A decadal change has occurred on the relationship between the summertime western North Pacific subtropical High (WNPSH) and the tropical Sea Surface Temperature anomalies (SSTA) in the early 1990s. After this decadal change, the interannual variability of the WNPSH is more strongly regulated by the SSTA over the equatorial central Pacific and the maritime continent. The earlier decay of ElNiño in strong WNPSH years and the earlier development of ElNiño in weak WNPSH years both contributed to this change. Such decadal change is found in the pre-industrial control simulation of a coupled model, suggesting it is probably an internal variability of the climate system. © 2014 Royal Meteorological Society. Source


Wu M.,Sun Yat Sen University | Wu D.,Sun Yat Sen University | Wu D.,Guangzhou Institute of Tropical and Marine Meteorology | Fan Q.,Sun Yat Sen University | And 3 more authors.
Atmospheric Chemistry and Physics | Year: 2013

The structure of the atmospheric boundary layer (ABL) and its influence on regional air quality over the Pearl River Delta (PRD) were examined through two intensive observations in October 2004 and July 2006. Analytical results show the presence of two types of typical weather conditions associated with poor air quality over the PRD. The first is the warm period before a cold front (WPBCF) and the second is the subsidence period controlled by a tropical cyclone (SPCTC). Two typical low air quality situations, which are affected by WPBCF and SPCTC, and one high air quality situation were analysed in detail. Results showed that continuously low or calm ground winds resulted in the accumulation of pollutants, and sea-land breezes had. © 2013 Author(s). Source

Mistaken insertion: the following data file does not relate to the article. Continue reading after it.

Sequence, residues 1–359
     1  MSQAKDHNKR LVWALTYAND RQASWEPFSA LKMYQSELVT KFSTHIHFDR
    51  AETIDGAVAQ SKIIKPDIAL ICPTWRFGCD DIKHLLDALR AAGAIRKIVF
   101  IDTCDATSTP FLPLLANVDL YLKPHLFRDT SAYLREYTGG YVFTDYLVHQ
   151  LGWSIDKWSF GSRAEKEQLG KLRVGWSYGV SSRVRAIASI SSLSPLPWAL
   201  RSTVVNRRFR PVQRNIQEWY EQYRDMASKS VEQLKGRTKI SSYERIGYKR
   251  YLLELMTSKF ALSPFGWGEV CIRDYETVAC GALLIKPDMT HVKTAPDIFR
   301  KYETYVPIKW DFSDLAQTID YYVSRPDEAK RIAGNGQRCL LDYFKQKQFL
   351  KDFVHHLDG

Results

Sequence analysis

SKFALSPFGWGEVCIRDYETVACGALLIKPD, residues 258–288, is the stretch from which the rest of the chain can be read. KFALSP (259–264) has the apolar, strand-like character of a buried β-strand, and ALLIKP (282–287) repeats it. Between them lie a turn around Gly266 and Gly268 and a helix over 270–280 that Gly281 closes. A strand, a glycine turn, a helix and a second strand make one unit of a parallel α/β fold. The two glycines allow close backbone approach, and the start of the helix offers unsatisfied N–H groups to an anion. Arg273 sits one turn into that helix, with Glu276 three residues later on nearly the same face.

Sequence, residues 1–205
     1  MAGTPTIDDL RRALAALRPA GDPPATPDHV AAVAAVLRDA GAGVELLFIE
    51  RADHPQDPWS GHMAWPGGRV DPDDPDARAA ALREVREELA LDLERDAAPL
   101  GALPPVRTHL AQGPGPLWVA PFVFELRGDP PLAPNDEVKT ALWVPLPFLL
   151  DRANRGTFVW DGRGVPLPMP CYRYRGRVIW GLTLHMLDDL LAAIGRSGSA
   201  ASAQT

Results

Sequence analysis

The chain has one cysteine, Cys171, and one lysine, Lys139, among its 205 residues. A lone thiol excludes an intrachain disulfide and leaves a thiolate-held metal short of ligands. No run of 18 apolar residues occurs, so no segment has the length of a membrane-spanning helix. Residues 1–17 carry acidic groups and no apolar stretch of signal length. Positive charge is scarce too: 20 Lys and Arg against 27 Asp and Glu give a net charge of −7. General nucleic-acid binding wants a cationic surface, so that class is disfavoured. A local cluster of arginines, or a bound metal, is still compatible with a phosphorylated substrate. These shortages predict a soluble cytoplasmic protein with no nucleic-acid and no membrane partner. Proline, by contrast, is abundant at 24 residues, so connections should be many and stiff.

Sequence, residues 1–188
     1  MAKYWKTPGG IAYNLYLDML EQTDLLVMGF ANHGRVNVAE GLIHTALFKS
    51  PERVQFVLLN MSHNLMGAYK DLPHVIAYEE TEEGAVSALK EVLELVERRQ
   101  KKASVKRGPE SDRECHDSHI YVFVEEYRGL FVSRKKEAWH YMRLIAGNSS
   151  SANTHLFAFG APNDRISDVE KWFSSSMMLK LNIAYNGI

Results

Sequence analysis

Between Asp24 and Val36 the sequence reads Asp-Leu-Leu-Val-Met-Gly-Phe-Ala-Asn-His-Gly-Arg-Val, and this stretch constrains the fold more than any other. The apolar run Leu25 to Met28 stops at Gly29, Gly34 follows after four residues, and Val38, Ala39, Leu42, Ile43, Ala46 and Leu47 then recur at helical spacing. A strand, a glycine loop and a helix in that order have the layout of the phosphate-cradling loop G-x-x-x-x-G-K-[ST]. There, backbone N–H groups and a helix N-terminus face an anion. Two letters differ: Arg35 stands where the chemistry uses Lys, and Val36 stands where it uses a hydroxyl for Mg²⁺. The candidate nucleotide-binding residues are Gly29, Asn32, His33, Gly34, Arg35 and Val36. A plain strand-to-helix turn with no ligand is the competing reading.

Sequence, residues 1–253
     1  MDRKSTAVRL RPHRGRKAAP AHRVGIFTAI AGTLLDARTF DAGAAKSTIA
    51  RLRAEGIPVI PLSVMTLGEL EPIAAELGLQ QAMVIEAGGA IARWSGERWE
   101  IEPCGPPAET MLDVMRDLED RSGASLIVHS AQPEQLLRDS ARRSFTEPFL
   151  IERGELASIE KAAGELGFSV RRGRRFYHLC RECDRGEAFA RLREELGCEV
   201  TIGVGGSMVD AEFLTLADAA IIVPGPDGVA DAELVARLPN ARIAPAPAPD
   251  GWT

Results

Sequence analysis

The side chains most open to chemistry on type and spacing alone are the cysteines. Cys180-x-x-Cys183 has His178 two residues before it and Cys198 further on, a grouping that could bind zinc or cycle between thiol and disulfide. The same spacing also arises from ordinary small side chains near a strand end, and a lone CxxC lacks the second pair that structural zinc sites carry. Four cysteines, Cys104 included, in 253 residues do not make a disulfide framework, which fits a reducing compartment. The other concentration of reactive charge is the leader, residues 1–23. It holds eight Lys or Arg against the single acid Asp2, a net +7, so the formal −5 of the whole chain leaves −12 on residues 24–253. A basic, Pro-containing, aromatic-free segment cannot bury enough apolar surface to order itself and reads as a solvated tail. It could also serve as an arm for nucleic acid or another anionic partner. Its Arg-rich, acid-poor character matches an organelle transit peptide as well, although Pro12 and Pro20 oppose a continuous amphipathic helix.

Wu D.,Guangzhou Institute of Tropical and Marine Meteorology | Wu D.,Sun Yat Sen University
Huanjing Kexue Xuebao/Acta Scientiae Circumstantiae | Year: 2012

Systematic research on haze in China has been on-going for a decade. The rapid economic expansion and urbanization has led to worsening particulate matter (PM) pollution and more frequent poor visibility events. A rapid increase in the number of hazy days has been seen over eastern China. The culprit of hazy weather is fine PM pollution. Hazy weather is often associated with photochemical pollution and composition of aerosols responsible for haze is rather complicated. In recent years, hazy weather, due to its significant environmental impacts and climatic effects, has become a hot topic, attracting wide attention from scientific community, government departments and the public. This paper surveys the literature in Chinese in the recent decade to provide a review on the process of understanding haze and research progress in hazy weather. Future research directions are also discussed. Source